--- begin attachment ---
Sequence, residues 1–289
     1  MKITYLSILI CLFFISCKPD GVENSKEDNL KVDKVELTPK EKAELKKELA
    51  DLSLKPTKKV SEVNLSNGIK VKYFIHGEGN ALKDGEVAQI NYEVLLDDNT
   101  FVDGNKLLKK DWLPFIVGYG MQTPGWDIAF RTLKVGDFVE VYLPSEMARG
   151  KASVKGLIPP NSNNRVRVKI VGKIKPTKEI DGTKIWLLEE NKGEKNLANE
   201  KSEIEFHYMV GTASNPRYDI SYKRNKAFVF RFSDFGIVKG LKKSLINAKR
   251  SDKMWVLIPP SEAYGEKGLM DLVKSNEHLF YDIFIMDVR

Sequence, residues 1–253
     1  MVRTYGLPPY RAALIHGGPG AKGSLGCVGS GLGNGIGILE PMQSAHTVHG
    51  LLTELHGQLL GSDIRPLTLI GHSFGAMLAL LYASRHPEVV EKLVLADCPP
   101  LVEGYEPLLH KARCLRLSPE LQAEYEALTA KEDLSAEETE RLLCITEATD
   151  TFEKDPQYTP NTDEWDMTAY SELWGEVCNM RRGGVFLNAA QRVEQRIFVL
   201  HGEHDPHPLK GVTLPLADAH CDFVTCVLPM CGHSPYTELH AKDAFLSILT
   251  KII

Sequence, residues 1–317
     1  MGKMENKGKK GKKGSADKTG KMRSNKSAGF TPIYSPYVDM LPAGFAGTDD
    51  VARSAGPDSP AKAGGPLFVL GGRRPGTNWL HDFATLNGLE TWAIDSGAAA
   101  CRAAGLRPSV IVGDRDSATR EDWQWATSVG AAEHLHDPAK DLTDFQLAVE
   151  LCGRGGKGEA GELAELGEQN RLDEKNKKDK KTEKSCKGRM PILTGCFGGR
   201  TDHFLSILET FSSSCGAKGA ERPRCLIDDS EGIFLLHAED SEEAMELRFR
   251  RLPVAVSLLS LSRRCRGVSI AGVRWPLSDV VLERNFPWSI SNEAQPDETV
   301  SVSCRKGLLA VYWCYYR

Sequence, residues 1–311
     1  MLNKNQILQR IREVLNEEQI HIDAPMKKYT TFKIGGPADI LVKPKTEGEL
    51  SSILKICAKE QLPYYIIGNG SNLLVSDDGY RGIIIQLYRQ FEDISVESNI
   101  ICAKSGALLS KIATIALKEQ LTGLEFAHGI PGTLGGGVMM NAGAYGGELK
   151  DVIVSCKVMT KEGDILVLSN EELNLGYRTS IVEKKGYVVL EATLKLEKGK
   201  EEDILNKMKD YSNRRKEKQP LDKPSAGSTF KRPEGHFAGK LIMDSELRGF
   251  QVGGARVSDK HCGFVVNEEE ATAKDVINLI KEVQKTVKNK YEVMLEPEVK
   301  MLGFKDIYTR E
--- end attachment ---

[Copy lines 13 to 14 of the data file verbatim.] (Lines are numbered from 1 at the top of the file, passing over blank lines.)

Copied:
   201  HGEHDPHPLK GVTLPLADAH CDFVTCVLPM CGHSPYTELH AKDAFLSILT
   251  KII